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Bull_edited-2.jpg In the beginning was Bowling Green, a small, cobble-stoned park in the heart of Wall Street.

Then came Charging Bull. A rare example of capitalist guerilla art, it was created and installed in 1989 by sculptor Arturo Di Modica as a tribute to “the strength and power of the American people”. Whatever you think of its significance, it’s undeniably a beautifully crafted work, and is one of the best-known public monuments in Manhattan. You have to be a pretty grim ideologue to suppress a surge of childlike delight when you see it onsite.

Then came Fearless Girl, a work funded by an investment fund and installed with the city’s permission. It deftly inverts the entire meaning of Charging Bull, and creates a charged space that energizes the whole square. It’s a fascinating inversion on many levels. The “Fearless Girl” is a “tribute” to women’s power, but it’s also an advertisement for a Wall Street firm whose ticker code is SHE (get it?) The newly neutered “Charging Bull” celebrates the power of capitalism, but was actually the more radical work: Di Modica paid for it himself, smuggled it into Bowling Green and installed it without authorization. It was impounded, removed, and only re-installed in the face of public outcry.

Di Modica is understandably pissed at the way his work has been trumped. But it’s happened; and Bowling Green as a whole is now a new work, incorporating both sculptures, their original and re-conceived meanings, and the space itself.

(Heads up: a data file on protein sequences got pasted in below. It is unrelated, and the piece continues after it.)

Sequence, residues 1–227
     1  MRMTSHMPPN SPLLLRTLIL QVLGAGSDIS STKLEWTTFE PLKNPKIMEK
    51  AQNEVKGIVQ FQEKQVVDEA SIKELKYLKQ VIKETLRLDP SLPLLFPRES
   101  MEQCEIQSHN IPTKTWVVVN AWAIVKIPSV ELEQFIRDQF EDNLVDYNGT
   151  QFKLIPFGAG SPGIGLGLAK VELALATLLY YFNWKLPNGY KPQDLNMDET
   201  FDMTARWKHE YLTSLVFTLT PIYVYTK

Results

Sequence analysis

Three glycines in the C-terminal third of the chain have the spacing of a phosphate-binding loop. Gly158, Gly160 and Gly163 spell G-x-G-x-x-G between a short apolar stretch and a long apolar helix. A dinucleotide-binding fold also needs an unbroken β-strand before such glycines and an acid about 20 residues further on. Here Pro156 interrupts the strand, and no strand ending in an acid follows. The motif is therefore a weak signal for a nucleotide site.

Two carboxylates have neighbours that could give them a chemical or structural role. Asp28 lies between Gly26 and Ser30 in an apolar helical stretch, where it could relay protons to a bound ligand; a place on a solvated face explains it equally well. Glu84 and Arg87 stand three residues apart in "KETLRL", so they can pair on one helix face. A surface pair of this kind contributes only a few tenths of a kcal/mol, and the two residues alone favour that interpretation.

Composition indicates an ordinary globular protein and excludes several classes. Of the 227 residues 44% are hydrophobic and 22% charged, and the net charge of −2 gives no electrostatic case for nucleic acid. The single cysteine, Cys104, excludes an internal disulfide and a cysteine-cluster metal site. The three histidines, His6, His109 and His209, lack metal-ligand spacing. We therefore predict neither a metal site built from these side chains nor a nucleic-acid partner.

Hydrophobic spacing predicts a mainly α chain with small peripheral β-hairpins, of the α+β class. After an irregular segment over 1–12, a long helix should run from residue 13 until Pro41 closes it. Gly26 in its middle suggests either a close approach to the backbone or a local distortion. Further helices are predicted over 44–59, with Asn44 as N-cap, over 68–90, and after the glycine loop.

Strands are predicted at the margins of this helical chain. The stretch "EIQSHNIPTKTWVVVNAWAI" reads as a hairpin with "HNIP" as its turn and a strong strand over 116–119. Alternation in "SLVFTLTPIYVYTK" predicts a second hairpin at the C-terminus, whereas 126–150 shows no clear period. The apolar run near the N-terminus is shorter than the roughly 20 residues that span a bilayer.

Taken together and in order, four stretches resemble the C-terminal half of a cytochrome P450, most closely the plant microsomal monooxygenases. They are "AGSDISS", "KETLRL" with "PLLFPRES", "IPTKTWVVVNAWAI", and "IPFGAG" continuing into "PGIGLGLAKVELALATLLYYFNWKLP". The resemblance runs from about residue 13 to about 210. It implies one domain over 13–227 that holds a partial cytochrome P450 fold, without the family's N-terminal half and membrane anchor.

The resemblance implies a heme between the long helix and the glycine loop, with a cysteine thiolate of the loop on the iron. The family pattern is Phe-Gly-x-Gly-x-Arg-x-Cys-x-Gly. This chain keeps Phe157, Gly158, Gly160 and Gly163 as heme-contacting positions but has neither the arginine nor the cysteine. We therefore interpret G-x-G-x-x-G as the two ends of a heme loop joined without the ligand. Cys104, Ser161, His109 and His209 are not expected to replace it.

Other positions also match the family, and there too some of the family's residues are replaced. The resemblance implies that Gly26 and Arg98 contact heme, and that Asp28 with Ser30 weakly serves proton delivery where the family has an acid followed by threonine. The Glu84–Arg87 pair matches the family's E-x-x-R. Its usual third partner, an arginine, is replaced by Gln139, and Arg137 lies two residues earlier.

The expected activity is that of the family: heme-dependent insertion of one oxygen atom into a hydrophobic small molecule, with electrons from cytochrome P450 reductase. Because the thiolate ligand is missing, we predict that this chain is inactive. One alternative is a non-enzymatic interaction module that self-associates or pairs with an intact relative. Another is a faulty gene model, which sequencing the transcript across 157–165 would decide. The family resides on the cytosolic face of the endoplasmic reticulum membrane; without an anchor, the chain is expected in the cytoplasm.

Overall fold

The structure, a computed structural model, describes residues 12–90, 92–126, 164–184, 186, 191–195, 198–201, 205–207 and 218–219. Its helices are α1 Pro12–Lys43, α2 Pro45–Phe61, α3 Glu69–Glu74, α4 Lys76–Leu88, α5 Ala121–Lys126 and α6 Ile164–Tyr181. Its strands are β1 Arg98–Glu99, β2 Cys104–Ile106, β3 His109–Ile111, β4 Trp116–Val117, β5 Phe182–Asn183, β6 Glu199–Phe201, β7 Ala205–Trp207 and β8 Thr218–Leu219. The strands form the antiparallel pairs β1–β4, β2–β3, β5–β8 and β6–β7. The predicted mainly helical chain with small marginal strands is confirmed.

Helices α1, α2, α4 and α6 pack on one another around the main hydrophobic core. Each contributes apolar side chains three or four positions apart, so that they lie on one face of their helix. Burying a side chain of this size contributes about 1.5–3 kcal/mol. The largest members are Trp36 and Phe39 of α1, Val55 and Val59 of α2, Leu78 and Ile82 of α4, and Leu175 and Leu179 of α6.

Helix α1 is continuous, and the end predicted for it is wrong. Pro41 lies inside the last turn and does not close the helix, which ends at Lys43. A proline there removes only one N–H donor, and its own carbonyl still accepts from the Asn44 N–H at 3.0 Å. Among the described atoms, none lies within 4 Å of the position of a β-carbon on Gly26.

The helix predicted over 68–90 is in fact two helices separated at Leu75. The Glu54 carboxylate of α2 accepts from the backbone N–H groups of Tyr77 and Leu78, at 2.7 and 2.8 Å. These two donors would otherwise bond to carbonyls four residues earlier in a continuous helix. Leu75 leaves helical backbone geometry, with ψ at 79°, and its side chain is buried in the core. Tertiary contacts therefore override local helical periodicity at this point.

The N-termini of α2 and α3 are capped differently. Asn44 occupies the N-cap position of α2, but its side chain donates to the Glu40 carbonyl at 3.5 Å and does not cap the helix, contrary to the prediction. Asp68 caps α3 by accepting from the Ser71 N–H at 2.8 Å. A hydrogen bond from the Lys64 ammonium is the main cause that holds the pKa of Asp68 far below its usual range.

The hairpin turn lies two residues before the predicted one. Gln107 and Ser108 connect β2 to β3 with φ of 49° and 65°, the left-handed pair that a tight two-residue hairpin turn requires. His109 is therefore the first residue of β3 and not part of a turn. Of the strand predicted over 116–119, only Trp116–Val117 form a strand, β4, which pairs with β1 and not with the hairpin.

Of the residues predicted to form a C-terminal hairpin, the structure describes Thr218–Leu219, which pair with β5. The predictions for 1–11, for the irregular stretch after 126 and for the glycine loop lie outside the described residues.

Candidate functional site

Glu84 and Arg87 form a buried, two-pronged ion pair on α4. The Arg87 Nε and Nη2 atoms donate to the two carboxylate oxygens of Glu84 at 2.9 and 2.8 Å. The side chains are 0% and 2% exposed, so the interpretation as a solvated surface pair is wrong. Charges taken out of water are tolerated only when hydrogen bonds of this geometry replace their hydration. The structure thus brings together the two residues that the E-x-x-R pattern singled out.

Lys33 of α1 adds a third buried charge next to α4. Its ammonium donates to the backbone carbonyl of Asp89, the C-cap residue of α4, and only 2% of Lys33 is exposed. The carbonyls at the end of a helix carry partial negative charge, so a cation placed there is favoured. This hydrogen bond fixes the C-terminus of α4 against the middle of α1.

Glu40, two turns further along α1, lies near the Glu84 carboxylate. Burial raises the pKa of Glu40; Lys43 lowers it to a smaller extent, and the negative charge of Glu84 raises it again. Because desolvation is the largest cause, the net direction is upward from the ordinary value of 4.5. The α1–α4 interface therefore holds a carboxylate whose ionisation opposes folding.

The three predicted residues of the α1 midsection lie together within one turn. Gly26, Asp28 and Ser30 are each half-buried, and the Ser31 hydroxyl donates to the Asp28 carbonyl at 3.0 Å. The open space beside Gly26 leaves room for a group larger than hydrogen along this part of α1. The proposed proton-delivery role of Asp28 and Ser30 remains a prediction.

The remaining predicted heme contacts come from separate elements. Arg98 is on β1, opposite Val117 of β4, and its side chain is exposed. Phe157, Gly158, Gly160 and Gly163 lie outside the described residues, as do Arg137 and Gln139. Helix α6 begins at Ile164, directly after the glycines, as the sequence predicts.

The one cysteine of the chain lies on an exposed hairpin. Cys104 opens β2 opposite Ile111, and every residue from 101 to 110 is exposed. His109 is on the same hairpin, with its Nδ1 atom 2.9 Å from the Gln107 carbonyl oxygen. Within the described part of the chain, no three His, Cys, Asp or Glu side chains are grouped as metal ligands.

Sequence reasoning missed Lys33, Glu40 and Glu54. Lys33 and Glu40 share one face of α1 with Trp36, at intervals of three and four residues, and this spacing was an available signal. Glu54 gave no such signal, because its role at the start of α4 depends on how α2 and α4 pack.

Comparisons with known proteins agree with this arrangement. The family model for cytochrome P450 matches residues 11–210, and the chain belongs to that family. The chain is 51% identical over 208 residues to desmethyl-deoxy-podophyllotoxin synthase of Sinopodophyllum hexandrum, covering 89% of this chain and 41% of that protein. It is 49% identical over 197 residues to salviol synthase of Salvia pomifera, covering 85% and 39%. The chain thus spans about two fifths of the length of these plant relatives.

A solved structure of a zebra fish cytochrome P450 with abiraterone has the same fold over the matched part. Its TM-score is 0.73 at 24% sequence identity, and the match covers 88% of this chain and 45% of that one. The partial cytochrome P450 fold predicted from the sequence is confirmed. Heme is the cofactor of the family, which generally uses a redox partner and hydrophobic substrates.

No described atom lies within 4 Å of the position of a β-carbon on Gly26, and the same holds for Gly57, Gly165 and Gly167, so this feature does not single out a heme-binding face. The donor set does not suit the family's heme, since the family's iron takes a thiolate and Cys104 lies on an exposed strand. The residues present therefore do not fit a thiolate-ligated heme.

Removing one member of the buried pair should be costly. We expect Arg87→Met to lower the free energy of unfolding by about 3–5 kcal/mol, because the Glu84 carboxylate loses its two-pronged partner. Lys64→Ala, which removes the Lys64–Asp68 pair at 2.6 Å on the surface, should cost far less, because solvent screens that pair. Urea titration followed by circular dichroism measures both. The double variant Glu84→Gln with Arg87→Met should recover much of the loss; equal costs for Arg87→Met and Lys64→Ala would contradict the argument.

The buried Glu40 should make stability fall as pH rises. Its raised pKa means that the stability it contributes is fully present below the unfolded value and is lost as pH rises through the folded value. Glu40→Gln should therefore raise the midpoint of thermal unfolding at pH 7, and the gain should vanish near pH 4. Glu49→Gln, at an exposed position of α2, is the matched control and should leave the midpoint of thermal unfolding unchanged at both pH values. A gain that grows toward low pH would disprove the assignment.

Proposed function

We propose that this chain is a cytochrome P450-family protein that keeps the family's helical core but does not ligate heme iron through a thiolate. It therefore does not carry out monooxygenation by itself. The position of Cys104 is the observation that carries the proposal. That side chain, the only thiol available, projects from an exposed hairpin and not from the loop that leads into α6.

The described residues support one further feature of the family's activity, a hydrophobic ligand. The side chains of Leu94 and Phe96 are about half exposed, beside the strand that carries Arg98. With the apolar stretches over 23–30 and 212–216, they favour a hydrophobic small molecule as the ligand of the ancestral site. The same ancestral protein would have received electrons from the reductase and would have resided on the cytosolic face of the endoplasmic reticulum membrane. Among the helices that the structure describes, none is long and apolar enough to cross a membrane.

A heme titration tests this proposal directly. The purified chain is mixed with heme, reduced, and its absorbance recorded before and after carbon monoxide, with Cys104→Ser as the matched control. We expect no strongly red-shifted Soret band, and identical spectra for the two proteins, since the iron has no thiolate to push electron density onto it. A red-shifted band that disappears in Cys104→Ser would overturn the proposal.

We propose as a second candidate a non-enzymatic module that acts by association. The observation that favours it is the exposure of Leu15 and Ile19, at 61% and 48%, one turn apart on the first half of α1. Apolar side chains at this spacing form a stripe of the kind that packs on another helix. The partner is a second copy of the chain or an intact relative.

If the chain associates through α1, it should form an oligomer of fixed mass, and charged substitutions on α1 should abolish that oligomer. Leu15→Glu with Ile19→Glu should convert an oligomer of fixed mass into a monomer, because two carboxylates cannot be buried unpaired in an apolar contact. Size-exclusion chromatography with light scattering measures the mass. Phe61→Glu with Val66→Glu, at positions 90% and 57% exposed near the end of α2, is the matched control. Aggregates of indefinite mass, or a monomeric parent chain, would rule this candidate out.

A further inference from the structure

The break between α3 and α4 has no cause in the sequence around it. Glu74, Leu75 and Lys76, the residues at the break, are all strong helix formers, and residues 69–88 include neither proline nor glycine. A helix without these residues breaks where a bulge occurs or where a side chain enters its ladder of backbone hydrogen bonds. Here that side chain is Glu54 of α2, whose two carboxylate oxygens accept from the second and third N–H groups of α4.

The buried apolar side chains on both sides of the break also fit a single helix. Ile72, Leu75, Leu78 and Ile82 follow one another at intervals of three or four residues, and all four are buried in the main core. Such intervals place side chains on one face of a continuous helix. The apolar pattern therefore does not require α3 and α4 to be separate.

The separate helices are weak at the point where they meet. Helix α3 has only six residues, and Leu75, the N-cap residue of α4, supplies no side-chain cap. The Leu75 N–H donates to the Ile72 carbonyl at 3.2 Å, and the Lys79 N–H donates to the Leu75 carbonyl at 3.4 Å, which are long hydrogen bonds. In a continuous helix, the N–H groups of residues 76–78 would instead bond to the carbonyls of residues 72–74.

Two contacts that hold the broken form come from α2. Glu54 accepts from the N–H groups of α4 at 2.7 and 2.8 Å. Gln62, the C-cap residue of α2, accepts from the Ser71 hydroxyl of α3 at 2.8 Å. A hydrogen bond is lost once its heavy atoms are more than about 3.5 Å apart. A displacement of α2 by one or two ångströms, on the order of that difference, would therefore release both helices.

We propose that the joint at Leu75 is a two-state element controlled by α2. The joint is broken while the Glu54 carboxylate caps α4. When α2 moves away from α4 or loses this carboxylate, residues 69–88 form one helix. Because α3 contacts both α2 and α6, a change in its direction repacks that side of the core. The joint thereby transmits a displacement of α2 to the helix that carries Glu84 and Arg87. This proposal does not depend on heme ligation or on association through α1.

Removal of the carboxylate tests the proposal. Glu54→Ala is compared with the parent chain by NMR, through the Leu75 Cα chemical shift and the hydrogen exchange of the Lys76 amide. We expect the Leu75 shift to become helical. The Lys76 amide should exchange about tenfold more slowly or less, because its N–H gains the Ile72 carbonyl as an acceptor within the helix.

I personally like public art that allows the observer a little space for interpretation, and although I thought The Bull was fun, it was obvious and polemical. The Girl is no less polemical, but it adds a clever layer to the story.

So why stop now?

I propose a movement to encourage artists to create additional works for the square that will raise the discussion to ever higher critical levels until Bowling Green is completely jammed with sculptures, all of which comment on and reframe all previous sculptures in a delirious Borgesian explosion of meta-metameanings. The process will cease when there is no further space in the square for (a) sculptures, (b) additional interpretation, and/or (c) people.

I humbly present my contribution to the experiment, and will be launching my crowdfunding campaign shortly. (Thanks, Sooey, for the inspiration!)

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This page contains a single entry by Balbulican published on April 15, 2017 9:14 AM.

Knee-jerks and media stimuli: the phantasmagoria of Syria was the previous entry in this blog.

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